Plainfield Township Board of Trustees

Seven Mile/Northland complex unanimously approved

May 12, 2011 // 0 Comments

Advantage Health to be first tenant in medical development by BETH ALTENA There was little fanfare as the Plainfield Township Board of Trustees unanimously approved changing the zoning on acreage on the northeast corner of Seven Mile and Northland Drive from Rural Residential to Planned Unit Development (PUD) with a proposed medical complex of six buildings and future senior housing. Ground won’t likely be broken this summer for the first phase of the project, which will be an urgent care facility, parking and a curb cut entrance on both Northland Drive and Seven Mile. According to Mike Berg of Dykema Excavators—who spoke on behalf of the project on Monday, May 2, when the vote was taken—there are still many steps to be taken before construction commences. Al McAvoy, who was a principal player in a very visible opposition to a 2007 development plan that included an all-night gas station and a Family Fare store, had minor questions about the plan and reported that neighborhood comments about the new proposal were positive. The 27-acre PUD would be built in phases that could include an adult day care facility and an 80-bed senior housing facility. The first phase, slated for the western portion of the property, would include the urgent care facility and offices for specialists. Dr. Fred Reverts, who currently works from the Plainfield Avenue Advantage Health facility, said patient feedback shows people would like access to specialists to be located on-site with urgent care doctors. He used the example of a person referred to a specialist who could then just see that specialist within the same building, rather than to travel to a downtown Grand Rapids hospital. This concept of “coordinated patient care” offers convenience and the location is also in a very convenient area, he said. He stressed the facility would not be a surgical center, would have evening hours but not all-night hours, and would not be the destination for ambulance patients, although patients could be transported from the facility by ambulance. “We look at this as meeting the needs of the community,” Reverts said. He said typical hours would be 7 a.m. to 7 p.m. with weekend hours until 10 p.m. “In addition, we see an aging population. We look for their […]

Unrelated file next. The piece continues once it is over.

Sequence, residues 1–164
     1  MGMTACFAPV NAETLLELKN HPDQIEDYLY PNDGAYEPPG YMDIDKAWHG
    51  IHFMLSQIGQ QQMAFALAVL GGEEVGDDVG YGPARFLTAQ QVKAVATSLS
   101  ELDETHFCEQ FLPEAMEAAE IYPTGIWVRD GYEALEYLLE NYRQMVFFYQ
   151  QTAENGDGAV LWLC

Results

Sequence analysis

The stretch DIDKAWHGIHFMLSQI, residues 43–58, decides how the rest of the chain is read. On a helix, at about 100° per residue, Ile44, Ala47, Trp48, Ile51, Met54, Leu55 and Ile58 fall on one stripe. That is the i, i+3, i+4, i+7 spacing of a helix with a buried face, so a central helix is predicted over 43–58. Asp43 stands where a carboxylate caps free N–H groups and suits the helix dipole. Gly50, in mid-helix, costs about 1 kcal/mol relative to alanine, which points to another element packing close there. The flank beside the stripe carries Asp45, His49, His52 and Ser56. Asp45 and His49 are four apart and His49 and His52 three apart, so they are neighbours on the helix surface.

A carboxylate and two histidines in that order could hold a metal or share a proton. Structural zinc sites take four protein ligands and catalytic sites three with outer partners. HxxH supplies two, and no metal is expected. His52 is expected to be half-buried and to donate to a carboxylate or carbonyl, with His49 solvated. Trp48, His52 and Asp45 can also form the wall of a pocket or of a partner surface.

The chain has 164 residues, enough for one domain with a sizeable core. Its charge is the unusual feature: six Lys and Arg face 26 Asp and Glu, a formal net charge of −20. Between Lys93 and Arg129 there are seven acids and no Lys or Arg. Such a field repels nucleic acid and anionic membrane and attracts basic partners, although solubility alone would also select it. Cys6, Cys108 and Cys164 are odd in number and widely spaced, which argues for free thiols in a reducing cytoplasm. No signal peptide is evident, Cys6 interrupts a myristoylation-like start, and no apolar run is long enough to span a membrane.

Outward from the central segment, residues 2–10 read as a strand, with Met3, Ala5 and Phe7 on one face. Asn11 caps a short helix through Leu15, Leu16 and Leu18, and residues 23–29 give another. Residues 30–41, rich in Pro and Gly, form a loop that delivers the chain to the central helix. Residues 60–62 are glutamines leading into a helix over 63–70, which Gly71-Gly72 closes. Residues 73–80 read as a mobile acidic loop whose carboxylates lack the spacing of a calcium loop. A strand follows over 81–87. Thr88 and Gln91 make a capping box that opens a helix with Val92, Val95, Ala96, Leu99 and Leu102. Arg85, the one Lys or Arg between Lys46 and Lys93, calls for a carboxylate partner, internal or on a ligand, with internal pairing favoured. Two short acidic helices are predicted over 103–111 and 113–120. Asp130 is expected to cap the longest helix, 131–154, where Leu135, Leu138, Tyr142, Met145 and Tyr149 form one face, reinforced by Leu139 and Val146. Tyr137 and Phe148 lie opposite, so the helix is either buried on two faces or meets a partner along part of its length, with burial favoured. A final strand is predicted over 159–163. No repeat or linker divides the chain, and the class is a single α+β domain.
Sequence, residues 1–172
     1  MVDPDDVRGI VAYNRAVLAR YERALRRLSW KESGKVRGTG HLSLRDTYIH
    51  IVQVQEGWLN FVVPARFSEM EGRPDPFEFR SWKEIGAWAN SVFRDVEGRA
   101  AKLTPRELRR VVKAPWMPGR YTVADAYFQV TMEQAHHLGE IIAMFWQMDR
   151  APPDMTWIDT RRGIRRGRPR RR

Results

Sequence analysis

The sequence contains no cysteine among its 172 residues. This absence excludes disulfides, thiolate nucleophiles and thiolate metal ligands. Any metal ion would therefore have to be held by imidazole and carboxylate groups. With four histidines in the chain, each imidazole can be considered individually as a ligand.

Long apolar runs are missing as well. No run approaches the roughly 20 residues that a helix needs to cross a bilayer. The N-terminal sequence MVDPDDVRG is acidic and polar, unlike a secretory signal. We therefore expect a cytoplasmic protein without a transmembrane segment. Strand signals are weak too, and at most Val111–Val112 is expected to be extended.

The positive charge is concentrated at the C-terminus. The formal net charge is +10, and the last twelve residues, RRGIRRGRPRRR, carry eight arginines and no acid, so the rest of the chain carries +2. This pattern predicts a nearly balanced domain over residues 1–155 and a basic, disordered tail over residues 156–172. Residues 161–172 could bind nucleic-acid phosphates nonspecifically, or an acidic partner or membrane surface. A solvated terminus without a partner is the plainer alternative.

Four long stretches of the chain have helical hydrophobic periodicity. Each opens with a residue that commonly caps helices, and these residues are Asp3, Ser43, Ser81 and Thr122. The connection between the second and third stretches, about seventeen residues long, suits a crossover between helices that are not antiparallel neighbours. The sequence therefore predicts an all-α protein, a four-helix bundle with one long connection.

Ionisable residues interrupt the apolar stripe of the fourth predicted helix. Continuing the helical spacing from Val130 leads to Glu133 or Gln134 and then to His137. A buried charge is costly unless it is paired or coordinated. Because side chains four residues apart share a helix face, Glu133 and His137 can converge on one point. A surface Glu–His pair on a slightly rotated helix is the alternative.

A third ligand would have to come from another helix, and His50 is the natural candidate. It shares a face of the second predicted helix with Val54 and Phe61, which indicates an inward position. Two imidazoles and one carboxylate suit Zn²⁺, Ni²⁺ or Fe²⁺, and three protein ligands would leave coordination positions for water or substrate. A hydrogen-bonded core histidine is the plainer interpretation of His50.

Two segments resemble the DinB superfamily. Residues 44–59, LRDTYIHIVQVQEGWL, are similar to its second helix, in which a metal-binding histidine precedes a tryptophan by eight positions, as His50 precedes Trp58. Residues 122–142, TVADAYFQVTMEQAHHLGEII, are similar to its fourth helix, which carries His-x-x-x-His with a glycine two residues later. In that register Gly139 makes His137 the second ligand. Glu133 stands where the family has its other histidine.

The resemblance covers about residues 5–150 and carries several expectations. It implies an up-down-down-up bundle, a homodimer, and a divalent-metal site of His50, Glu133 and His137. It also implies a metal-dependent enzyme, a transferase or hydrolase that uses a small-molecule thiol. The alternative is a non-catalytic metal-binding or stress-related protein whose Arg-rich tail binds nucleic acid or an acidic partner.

Belmont plan puts residents in ‘road rage’

March 4, 2010 // 0 Comments

  A small but vocal group of residents are disputing whether a decision to upgrade parts of Belmont Road was properly handled. They hope to stop the Kent County Road Commission project. On Friday, February 26, about 20 people met at Plainfield Township Hall to speak with Senator Mark Jansen, who was holding office hours there. The group, led by Belmont resident Tim Rau, also confronted the Plainfield Township Board on Monday, March 1 to state their complaints. The Kent County Road Commission (KCRC) received a federal grant to help cover the costs of road improvements on Belmont Road from Jupiter to Post drive, a 1.1 mile stretch. According to Jon Rice, managing director of the KCRC, that stretch of road will be widened into a narrow three-lane road, enclosed storm drains, curbs and gutters will be put in and some sidewalks will be added. Financing on the $1.4 million project will be covered with an 80-20 split, with the federal grant paying for 80 percent, KCRC paying $300,000 and Plainfield Township contributing $200,000. Opponents of the project insist they were not involved in the planning of the work, believe the addition of the third lane will increase traffic speed and endanger the students at the two elementary schools and one day care center located within the improvement boundaries. They also believe property values will decrease for residents on the road. The owner of Consolidated Controls, just north of Plainfield Township Hall, said the widening would be a hardship for his business and likely make him unable to park in front of his business. “This is a rural area. Are we trying to put an expressway in there? If anything, narrow the road and push traffic to Jupiter,” he stated. He stated that a residence north of him has a porch already practically on the road and the Belmont Grocery is also very close as it is. Robert Homan, Plainfield Township manager, told the audience that in some form, the project has been in the works for decades and at one point a four-lane road was planned. Those opposing the plan believe the process did not sufficiently allow public input as required. Rau said he believes planners of the project were unlawful in excluding public […]